(Courtesy of The Huff Post)
Michigan-based lesbian, gay, bisexual and transgender (LGBT) advocacy groups say they are relieved after an area senator agreed to drop a controversial exemption from a much-criticized anti-bullying law.
As the Religion News Service is reporting, Michigan Senator Rick Jones, a Republican, said he would drop his previously inserted carve-out for “a sincerely held religious belief or moral conviction” which many believed could allow LGBT, Muslim or other minorities to face harassment. Jones now says he will vote for the state’s House of Representatives’ version of the bill, which did not include the additional provision and requires all public, charter and intermediate school districts to implement the policy.
Though a spokesman for Equality Michigan, an LGBT rights group in Detroit, praised the changes, he was nonetheless pessimistic about the bill’s overall impact. “We are grateful that this legislation moves forward without the license to bully based on an outrageous religious exception, but that said, it won’t be effective,” he said. Echoing those sentiments was Dawud Walid, executive director of the Michigan chapter of the Council on American-Islamic Relations, who said Muslims were “relieved” that the Senate bill, which he believed “would have been a disaster,” is likely dead.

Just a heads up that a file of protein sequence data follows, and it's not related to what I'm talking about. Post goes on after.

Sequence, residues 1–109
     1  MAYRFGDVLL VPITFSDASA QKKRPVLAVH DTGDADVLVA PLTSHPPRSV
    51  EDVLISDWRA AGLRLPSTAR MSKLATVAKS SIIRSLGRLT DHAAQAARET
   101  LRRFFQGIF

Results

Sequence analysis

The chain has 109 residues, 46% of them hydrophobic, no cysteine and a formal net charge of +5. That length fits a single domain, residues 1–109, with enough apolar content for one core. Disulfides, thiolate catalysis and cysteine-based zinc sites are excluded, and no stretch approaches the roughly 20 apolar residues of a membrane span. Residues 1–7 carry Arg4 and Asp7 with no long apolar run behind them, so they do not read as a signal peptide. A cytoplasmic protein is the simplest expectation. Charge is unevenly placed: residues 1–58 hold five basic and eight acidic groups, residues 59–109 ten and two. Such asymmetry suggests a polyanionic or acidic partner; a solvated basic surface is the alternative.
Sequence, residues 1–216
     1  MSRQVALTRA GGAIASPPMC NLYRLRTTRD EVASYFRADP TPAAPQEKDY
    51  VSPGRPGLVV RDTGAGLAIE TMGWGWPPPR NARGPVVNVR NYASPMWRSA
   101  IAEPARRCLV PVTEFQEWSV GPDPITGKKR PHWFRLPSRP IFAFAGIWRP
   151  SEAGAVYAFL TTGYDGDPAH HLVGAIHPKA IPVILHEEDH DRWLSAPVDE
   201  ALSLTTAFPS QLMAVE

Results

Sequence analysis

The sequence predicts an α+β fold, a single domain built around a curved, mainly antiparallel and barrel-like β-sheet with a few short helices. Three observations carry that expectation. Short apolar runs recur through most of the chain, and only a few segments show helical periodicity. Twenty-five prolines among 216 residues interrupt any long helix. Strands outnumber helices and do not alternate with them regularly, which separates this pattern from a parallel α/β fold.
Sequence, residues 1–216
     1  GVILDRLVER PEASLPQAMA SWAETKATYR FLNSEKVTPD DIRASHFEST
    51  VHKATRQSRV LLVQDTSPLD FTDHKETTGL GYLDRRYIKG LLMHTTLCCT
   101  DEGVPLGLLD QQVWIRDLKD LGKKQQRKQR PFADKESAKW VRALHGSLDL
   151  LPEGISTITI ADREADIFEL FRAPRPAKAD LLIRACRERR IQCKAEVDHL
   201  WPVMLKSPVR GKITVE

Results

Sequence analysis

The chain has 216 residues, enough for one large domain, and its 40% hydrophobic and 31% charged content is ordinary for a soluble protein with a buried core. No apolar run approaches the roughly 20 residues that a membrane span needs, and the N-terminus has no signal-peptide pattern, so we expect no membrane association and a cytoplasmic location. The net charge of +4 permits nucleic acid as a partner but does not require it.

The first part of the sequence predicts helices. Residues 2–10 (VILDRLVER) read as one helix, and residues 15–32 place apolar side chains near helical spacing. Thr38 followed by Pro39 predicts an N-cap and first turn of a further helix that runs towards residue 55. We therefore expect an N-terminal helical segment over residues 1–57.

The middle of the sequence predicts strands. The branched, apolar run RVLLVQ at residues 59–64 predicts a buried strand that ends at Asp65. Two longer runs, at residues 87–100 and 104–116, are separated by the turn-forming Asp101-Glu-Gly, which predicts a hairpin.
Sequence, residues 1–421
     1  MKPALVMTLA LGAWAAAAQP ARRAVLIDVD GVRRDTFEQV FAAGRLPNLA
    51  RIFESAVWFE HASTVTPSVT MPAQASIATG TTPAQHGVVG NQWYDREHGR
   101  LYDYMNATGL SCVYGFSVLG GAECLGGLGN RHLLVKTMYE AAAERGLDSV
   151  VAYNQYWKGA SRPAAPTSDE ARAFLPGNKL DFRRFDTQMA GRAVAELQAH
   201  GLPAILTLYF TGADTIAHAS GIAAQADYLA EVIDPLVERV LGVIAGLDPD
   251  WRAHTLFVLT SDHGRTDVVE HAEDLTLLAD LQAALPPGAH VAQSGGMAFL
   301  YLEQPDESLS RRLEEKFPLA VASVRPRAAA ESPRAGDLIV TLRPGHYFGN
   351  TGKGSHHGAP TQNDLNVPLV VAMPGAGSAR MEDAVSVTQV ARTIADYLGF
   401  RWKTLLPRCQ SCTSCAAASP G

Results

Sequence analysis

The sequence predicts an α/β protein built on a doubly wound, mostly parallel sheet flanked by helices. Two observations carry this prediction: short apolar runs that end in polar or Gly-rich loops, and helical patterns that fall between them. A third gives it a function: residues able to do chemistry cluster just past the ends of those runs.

The Senate version of the bill — named “Matt’s Safe School Law” in honor of Matt Epling, a Michigan teen who committed suicide in 2002 after falling victim to anti-gay bullying — received a stinging reception from Senator Gretchen Whitmer, a Democrat. A video of her dramatic floor speech, in which she slammed the bill as a “blueprint for bullying,” went viral last week.
Also expressing distate with the new law was Epling’s father Kevin. “This is government-sanctioned bigotry,” Kevin is quoted by the Detroit Free Press as saying, adding that he is “ashamed” lawmakers agreed to add the special language at the last minute.